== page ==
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Editorial   |    
2008 in Review
Am J Psychiatry 2008;165:1510-1513. doi:10.1176/appi.ajp.2008.08091434

The editors are pleased to offer personal selections of some of the articles they found particularly interesting and important in this year’s Journal.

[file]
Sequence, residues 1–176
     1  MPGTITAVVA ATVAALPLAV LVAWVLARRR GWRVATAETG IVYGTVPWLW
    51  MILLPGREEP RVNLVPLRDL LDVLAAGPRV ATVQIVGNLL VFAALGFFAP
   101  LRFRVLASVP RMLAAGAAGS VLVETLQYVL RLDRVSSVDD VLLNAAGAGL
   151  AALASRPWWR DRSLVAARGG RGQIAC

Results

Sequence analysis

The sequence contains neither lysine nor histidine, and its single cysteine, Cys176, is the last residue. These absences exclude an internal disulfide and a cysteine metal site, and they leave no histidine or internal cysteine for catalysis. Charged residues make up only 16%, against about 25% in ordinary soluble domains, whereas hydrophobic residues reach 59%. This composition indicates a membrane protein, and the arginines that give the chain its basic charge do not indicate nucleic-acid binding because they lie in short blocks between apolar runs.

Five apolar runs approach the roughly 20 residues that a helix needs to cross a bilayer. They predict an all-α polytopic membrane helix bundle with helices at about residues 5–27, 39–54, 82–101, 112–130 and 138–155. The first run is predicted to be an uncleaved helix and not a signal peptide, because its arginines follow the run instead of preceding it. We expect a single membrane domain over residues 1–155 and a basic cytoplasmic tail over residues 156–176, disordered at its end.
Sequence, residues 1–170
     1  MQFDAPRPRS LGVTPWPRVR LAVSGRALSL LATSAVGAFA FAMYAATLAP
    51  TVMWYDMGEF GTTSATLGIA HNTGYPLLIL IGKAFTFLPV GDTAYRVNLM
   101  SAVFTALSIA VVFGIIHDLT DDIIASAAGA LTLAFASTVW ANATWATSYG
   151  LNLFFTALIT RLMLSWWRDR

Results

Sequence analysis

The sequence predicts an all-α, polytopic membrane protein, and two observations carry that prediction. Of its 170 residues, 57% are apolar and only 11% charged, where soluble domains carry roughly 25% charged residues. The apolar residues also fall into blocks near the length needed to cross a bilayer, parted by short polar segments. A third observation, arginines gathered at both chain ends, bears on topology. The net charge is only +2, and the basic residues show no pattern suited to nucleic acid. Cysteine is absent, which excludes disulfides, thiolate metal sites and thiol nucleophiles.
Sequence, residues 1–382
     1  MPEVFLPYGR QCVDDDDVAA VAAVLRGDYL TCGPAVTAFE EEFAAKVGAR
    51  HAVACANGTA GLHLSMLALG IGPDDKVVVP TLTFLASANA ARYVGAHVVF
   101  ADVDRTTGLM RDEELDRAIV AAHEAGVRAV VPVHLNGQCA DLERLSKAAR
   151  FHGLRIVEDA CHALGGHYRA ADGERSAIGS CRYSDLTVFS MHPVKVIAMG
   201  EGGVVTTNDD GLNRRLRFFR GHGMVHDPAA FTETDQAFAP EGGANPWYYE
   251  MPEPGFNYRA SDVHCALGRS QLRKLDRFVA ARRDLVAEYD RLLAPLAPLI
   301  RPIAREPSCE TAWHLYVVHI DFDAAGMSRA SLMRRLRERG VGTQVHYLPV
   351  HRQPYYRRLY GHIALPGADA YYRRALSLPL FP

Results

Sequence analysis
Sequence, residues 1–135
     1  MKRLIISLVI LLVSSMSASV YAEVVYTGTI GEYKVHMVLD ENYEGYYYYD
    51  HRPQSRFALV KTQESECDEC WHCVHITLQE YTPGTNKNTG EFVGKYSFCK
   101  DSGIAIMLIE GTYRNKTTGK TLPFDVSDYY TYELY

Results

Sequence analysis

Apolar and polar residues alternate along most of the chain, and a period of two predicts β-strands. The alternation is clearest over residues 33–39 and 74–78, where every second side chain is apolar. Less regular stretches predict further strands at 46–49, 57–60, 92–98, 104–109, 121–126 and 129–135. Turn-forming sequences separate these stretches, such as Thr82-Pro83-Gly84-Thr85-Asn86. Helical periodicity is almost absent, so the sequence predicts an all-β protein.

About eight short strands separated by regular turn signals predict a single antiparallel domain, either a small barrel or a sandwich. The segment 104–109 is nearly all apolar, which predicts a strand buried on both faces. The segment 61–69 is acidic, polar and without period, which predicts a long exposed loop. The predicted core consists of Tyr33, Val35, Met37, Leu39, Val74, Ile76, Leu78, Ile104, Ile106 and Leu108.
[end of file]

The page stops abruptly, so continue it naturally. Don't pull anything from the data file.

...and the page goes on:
The paper by Veling and colleagues in the January issue (1) adds a critical piece of information to the schizophrenia literature, explaining the curious finding that the incidence of schizophrenia increases in individuals who emigrate to a new country. The authors used a clever epidemiological design to explore an association between the incidence of schizophrenia in immigrants and the ethnic density of the immigrant’s own race in a neighborhood. It was a necessary convenience that a city like The Hague exists, which has several large immigrant populations (Moroccan, Surinamese, and Turkish) living alongside native Dutch and a continuously updated municipal recording system for the ethnicity of its citizens and their parents by postal-code neighborhoods. The density of these four ethnic groups in each neighborhood was calculated, as was the social deprivation status of the neighborhood. The incidence of psychotic disorders within postal-code neighborhoods was calculated over a 7-year period. While the incidence of psychotic disorders was higher in all immigrant groups compared with native Dutch (incidence rate ratio=2.22), this difference was primarily accounted for by the dramatically higher rate of psychosis in those immigrants who lived in neighborhoods with a low density of their own ethnicity (incidence rate ratio=2.36) compared with those who lived in neighborhoods with a high density of their own ethnicity (incidence rate ratio=1.25). The risk of psychosis was unrelated to neighborhood deprivation status. These results can be interpreted to suggest that the social experience of living in an estranged environment can contribute to the onset of psychosis. Alternatively, one could propose that individuals with a propensity for psychosis seek out alienating environments. In either case, this experiment implicates the risk of an altered living context in psychosis, not “immigration” itself.